Legal fights over whether the smell of marijuana is enough to allow cops to search someone are not unusual for states with fledgling legalization programs. That was the case in Washington, one of the first states to legalize medical marijuana in the 1990s.
“Back in the early days, when medical marijuana laws were not as well recognized, a lot of lawyers raised these claims,” said Todd Maybrown, a Seattle lawyer who won an early case on the issue.
But in 2010, the Washington Supreme Court ruled that officers in Stevens County had probable cause to search the home of a man who claimed he qualified for medical marijuana, and had an indoor operation inside his house.
Even for states that have approved marijuana for recreational uses, what constitutes probable cause is not settled.
The Colorado Supreme Court is currently weighing whether police lawfully deployed a drug-sniffing dog, trained to detect marijuana, on a car in which methamphetamine was found.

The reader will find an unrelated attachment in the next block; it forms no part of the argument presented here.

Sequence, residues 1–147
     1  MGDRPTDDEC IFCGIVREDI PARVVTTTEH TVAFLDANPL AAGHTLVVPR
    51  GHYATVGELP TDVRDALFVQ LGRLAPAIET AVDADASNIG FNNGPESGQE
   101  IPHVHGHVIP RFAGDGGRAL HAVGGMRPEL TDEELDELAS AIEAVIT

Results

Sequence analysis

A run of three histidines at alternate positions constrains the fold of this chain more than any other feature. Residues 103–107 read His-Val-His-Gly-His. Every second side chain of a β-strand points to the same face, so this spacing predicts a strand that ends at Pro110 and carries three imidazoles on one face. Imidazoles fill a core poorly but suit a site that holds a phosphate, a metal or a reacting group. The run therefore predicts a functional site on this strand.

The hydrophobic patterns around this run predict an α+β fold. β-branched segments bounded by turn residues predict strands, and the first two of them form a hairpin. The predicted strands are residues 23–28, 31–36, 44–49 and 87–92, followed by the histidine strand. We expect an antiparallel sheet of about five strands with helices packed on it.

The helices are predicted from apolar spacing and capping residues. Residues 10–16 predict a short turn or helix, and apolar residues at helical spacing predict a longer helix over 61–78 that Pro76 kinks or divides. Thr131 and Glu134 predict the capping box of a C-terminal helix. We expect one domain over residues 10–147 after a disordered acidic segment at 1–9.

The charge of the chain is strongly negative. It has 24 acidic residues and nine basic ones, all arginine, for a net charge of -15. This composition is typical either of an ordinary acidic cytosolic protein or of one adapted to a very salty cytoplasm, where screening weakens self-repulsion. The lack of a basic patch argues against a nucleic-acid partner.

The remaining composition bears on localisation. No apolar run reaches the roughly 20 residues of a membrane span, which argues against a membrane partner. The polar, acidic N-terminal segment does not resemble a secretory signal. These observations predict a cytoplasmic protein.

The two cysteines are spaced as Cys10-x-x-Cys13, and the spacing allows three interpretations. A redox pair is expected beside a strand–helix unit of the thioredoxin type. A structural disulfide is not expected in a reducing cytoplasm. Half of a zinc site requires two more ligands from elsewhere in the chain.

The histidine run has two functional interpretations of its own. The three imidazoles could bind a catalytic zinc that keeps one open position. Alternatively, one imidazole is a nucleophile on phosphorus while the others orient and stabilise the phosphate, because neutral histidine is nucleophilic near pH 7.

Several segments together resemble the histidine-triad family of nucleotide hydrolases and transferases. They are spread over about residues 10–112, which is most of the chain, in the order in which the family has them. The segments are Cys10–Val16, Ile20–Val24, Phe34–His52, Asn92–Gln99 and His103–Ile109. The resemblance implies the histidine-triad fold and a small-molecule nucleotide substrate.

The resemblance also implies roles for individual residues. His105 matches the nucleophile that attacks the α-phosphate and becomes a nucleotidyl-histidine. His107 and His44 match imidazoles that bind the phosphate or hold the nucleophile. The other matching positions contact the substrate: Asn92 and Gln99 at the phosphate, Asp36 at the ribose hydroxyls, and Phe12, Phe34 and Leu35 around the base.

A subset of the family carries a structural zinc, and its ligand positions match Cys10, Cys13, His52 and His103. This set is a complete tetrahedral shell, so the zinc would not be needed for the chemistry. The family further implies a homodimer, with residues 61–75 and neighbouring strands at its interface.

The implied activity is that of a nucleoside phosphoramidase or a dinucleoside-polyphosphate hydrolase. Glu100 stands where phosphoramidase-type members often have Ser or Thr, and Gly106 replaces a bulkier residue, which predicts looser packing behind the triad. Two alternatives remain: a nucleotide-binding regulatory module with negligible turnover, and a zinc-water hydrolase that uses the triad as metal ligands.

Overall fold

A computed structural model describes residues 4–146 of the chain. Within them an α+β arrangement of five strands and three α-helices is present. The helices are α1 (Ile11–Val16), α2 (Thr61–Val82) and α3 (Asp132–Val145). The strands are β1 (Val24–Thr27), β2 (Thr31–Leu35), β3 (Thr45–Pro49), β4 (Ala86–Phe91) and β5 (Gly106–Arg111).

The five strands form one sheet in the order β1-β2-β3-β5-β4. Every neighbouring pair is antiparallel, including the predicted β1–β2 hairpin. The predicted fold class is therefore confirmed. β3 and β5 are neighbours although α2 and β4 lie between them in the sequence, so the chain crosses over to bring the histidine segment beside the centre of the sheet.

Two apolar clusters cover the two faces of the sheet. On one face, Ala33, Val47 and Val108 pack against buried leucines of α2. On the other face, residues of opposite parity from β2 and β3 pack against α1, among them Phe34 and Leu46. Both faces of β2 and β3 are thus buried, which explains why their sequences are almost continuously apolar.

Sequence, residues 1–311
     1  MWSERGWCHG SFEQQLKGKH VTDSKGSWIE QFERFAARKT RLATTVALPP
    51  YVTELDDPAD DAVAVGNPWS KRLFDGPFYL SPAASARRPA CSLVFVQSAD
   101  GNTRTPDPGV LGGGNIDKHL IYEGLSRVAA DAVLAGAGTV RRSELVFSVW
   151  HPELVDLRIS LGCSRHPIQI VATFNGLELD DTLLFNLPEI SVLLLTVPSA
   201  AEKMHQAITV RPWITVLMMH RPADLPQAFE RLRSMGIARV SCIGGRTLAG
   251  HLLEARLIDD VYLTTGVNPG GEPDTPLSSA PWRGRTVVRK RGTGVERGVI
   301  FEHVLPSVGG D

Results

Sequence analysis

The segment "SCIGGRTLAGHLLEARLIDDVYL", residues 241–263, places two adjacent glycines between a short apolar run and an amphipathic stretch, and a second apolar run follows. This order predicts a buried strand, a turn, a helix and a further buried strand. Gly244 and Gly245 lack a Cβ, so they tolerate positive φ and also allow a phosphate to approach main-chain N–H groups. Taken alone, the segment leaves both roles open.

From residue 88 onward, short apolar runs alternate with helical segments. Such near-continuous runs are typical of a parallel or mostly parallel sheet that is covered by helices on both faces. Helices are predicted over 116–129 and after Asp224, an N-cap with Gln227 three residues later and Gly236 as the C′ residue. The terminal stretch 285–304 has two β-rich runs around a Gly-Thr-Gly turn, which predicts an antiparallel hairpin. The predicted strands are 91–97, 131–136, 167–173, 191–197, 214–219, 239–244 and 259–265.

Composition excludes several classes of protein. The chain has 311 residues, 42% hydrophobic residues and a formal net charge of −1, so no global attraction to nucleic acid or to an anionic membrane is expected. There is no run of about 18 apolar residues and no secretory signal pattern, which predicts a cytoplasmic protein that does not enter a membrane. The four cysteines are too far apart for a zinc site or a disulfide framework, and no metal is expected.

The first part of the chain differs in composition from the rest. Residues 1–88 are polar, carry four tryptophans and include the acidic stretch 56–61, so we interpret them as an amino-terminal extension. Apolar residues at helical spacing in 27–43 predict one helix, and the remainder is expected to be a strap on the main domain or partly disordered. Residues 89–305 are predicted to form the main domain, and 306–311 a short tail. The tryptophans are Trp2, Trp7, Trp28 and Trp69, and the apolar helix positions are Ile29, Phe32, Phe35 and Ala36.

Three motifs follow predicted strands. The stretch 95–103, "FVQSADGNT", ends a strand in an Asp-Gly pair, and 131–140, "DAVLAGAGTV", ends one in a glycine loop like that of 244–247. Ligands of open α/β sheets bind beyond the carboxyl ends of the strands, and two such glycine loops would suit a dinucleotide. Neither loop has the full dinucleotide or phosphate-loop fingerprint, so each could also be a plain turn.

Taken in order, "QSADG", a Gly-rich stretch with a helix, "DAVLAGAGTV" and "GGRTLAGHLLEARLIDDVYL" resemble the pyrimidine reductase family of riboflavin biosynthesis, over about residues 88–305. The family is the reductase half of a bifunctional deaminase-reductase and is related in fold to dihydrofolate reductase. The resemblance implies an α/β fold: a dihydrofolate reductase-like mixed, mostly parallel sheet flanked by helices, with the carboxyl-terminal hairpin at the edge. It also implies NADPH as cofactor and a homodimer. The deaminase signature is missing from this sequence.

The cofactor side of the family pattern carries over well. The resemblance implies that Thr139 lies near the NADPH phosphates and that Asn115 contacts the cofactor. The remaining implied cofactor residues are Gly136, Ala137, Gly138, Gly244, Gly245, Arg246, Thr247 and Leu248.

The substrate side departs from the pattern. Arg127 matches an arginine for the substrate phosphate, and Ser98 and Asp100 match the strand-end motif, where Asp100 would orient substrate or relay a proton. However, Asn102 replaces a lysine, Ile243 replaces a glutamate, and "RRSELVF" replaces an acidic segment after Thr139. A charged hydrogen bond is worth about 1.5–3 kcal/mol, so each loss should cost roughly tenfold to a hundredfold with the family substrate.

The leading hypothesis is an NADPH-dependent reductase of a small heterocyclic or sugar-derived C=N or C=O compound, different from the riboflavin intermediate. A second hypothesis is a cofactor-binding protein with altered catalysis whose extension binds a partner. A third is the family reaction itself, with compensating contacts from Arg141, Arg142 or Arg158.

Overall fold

“We passed a recreational law seven years ago and we’re still hashing it out,” said Kamin, the University of Denver law professor.
In the Miami-Dade case, Chavez isn’t claiming to have a valid medical-marijuana card, but he says the search was still illegal.
Chavez is charged with possession of cannabis with intent to sell or deliver, and possession of cannabis over 20 grams. He is also charged with possession of cocaine.
He was arrested on May 31, 2018, after a police sergeant saw his pickup truck parked in Southwest Miami-Dade and “obstructing the roadway.”